Despite these disadvantages, electrocoating is still a highly recommended process because many service providers believe that it can deliver the quality finish that many customers demand. As far as materials and finishes for various applications is concerned, E-coating can present a number of positive options that will result in highly desirable finishes that is comparable with what powder coating can deliver.

Using Electrocoating

When will you know if it is better to choose e-coating over powder coating? Normally, e-coating can be a better option if the products to be coated present areas that can be difficult to reach. Electrocoating becomes a better alternative because of the immersion process that the material undergoes. This gives the liquid the chance to sneak into the hard to reach areas and deliver a thorough distribution of the coat, which may not be as easy to do when using a spray gun.

E-coating is likewise more desirable if the required coat is only a thin one because powder coats usually result in thicker coats. Regulating the thickness level is also easier with e-coating because you only need to regulate the level of the electric voltage being used.

The ability to regulate the thickness is important in some industries like the automobile market. In fact, often an e-coating will be used for the application of the primer coat and will be topped off by liquid painting to deliver corrosion protection for the treated material.

Corrosion Resistance

If protection from corrosion is an important factor in the selection of a finishing coat, there really isn’t much difference between powder coating and electrocoating. This means that despite the difference between the two processes, the focus should be on the formulation properties rather than the manner of application of the coating.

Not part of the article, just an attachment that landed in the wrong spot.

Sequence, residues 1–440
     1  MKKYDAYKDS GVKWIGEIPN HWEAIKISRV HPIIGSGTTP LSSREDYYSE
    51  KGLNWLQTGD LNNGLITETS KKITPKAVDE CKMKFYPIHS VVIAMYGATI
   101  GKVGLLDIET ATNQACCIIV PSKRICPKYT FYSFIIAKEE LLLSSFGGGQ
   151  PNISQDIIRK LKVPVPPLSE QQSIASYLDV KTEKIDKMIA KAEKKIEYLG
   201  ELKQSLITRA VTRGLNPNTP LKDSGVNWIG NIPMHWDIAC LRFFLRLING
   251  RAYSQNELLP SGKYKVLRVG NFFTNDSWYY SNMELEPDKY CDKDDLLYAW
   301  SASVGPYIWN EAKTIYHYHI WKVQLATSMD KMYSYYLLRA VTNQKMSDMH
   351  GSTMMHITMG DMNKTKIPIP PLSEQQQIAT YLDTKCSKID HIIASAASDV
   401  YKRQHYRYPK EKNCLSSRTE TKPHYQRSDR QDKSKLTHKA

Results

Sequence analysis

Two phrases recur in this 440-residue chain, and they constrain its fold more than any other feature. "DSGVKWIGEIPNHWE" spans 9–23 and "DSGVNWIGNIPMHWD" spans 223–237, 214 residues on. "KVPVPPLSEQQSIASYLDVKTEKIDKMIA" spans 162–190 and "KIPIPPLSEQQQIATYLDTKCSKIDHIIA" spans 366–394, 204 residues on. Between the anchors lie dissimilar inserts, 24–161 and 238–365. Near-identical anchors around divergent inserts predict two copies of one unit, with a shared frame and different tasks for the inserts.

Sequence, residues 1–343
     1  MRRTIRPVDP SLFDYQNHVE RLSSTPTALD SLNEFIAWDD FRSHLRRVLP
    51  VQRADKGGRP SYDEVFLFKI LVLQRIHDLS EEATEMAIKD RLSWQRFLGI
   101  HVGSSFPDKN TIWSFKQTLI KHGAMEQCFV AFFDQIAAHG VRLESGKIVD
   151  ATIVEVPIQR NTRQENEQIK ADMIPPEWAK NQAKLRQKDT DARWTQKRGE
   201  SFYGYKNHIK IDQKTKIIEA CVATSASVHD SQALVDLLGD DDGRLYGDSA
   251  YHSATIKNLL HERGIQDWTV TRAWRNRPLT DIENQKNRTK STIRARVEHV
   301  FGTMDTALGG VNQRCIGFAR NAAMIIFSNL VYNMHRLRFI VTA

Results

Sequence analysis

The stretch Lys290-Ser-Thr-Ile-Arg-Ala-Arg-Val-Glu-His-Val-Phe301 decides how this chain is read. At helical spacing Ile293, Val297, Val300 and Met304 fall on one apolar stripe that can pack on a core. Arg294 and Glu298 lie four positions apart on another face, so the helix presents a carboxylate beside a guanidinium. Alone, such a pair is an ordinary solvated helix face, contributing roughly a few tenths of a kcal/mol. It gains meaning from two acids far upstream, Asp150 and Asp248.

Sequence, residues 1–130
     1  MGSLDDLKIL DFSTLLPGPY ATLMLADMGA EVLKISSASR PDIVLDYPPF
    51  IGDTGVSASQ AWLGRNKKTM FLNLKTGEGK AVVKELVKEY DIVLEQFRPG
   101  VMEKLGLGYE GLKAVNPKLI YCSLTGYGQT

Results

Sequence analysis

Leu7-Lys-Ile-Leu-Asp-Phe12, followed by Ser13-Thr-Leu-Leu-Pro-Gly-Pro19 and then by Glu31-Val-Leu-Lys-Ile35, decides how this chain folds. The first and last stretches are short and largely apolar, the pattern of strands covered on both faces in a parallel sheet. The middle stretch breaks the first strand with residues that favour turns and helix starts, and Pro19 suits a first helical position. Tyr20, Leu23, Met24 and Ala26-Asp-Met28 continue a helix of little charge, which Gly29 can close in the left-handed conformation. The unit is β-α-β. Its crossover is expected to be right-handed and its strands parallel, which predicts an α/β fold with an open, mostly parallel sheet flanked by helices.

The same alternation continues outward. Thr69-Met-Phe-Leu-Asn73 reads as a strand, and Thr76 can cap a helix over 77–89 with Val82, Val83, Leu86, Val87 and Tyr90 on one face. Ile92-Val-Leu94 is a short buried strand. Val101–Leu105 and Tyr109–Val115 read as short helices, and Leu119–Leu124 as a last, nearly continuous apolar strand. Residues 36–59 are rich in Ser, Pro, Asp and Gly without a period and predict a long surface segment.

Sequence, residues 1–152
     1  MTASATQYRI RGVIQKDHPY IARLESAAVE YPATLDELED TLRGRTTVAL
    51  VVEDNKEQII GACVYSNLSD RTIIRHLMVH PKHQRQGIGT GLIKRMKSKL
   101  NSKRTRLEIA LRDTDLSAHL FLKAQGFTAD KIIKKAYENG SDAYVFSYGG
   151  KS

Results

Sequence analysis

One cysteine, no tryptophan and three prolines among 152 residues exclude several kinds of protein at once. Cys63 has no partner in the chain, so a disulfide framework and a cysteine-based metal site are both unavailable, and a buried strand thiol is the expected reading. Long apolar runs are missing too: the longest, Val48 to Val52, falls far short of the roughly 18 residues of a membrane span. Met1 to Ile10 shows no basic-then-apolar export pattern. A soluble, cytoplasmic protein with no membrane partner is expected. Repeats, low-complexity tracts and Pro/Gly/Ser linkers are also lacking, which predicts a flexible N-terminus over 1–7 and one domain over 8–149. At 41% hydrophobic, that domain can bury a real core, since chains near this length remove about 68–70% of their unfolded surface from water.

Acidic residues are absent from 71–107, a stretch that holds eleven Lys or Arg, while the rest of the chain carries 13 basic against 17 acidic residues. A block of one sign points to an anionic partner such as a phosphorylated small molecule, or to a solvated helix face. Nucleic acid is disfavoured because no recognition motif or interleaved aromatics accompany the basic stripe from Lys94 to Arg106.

Corrosion Resistance

Both powder coating and E-coating can make use of epoxies, which present amazing corrosion resistance properties and can deliver an extremely durable finish. When used with powder coating, the finish will be thicker than that of E-coating, which can be better for some applications, but not for others. Epoxies used in powder coating also possess higher crosslinking properties compared to application with electrocoating, which delivers stronger resistance against chemicals, making it ideal for industrial applications.

When compared to a polyester powder coating, an epoxy electrocoating will present higher corrosion and chemical resistance. This may lead you to conclude that E-coating would be a better solution than powder coating. However, this conclusion would be inaccurate because the difference in the resulting resistance cannot be attributed to the coating process, but rather to the choice of formulation used. So if you use epoxy for both powder and E-coating, you may find that the resistance will still be better with a powder coated finish.

Powder Coating vs Electrocoating

Finally, when we take into account the aesthetics, durability, and sustainability of both coating processes, powder coating can deliver a harder finish. The manner of application and curing for powder coating also creates an unmatched weather ability, excellent hardness, better gloss retention, increased humidity resistance, and better protection against UV rays.

If we look at the overall performance, many service providers can attest to the fact that powder coating has been proven over and over again to fair better than other types of coating when dealing with exterior finishes.

To make sure you get the best from powder coating, get in touch with Byers Bush Powder Coating now!